4

Scenario:

On site review CLOSE VOTES everyday we deal with a lo-ooo-t of Third Party plugin/theme/product-specific questions. Most of the questions are closed because they are not in the scope of WordPress.

What we are doing: we are welcoming questions with a nice FAQ page, in my observation, that, nobody reads - like a software license agreement - read or not, agree - here, read or not, post the question.

Thought:

We can simply pose a dismissible banner/notice before the Question Editor (after question title) notifying the user: not saying what to do, but saying what to avoid. In my opinion the best would be our first Close Voting criteria:

Your question should be specific to WordPress. Generic PHP/JS/SQL/HTML/CSS questions might be better asked at Stack Overflow or another appropriate Stack Exchange network site. Third party plugins and themes are off topic, they are better asked about at their developers' support routes.

But the notice need to be too precise, so the best fit can be:
what not to question

Just need a simple tweak with the first bullet:

  • Anything not directly related to WordPress
    • Question on third party plugin or theme (i.e. WooCommerce, bbPress, Avada etc.)? - Please don't
  • WordPress.com...

Demo:

Demonstration

(It's just a demo on screenshots. It can be far better to fit the visual ease)

Note, the green and red bullets are important because they are visually warning the users on the first look.

A notice like this can cut out most of the Off-topic questions on the first row. As this notice will be dismissible, so the user won't feel bothered.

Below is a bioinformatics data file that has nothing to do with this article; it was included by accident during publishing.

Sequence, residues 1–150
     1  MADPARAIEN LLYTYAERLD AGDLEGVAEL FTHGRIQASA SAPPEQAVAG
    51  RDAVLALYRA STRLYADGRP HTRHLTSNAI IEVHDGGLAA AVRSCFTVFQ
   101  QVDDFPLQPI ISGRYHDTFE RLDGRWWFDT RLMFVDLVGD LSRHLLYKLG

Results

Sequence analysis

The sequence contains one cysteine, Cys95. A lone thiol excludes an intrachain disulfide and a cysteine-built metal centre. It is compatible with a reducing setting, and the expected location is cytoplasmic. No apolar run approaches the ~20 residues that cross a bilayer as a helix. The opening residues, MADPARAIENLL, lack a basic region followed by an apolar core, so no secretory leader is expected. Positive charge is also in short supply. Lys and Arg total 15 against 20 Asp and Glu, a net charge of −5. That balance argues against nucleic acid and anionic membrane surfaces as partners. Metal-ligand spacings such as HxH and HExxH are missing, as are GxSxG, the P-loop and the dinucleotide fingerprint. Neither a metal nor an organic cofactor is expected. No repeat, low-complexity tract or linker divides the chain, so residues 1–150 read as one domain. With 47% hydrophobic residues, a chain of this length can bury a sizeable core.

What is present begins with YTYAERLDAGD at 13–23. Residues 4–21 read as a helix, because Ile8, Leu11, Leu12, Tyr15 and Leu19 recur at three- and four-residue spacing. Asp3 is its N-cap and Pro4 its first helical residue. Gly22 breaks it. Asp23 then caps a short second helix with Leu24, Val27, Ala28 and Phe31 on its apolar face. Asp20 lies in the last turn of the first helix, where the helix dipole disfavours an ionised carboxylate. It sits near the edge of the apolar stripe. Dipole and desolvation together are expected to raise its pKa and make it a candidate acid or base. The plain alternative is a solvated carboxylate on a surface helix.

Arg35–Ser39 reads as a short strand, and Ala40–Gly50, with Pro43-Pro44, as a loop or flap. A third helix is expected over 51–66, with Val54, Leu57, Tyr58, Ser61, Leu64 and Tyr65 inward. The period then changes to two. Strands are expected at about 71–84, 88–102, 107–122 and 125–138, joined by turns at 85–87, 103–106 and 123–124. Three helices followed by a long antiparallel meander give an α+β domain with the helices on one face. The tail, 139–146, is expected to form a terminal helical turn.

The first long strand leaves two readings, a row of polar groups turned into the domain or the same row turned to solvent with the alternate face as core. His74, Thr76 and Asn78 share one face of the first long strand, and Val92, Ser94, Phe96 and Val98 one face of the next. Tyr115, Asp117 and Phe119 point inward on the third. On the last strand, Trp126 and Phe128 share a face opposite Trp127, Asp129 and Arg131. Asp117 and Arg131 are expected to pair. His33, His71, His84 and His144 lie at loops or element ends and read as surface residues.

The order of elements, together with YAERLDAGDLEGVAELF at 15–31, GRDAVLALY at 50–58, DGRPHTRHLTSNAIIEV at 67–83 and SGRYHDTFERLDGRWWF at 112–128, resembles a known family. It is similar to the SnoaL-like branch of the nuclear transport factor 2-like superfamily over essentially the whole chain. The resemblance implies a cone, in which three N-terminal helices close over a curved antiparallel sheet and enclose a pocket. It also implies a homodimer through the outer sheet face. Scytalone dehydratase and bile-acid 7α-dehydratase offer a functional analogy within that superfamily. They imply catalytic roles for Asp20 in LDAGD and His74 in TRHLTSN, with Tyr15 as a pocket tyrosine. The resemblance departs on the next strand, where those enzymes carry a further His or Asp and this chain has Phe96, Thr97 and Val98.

• It can be targeted to anybody from non-logged-in users to someone with a reputation lower to 100 - a must.
  • Anybody upper than that, up to 500/1000, will be notified on each new session.
  • Users with reputation 1000 won't ever be notified.

If we can trial it for at least a month, I can bet we can cut-off the Off-Topic questions to at least a half.

  • 3
    "And they doesn't need any review at all, because the primary action to those questions is: CLOSE them without any thought." … I don't really agree with that. – kaiser May 17 '15 at 10:57
  • 1
    Me neither. Verify that the question cannot be made on-topic, or stay away from review. – fuxia May 17 '15 at 11:58
  • @kaiser Don't take it literally. – Mayeenul Islam May 17 '15 at 12:22
  • @toscho Please define Verify. – Mayeenul Islam May 17 '15 at 12:23
  • 1
    Think about how the question can be reworded: Read it, try to understand the underlying problem. Please try to fix your 99% close vote ratio. This is worrying. There is also no consensus among us anymore about this specific off-topic reason. – fuxia May 17 '15 at 12:34
  • I always read 'em. But in my cases (in those I reviewed), I found no reason in any of 'em to not to close vote. I am aware that, that doesn't mean a community consensus. :) That's why I said not to take it literally. If that line from my POV is wrong, and against community consensus, why not I omit those lines to make it on the track? – Mayeenul Islam May 17 '15 at 12:59
  • I'm sorry. Changed the controversial line into: Most of the questions are closed because they are not in the scope of WordPress. – Mayeenul Islam May 18 '15 at 5:05
  • I am with toscho and kaiser. A number of "third party plugin" question can be generalized enough to answer. – s_ha_dum May 20 '15 at 5:17
  • @s_ha_dum I'm not disagreeing with that right now unless I have a stat. Can we show a stat (if possible) that, the number of 3rd party product questions that were re-worded, made on-topic, and answered are relatively greater than the number of such questions. In my observation the first instance is rare. – Mayeenul Islam May 20 '15 at 5:38

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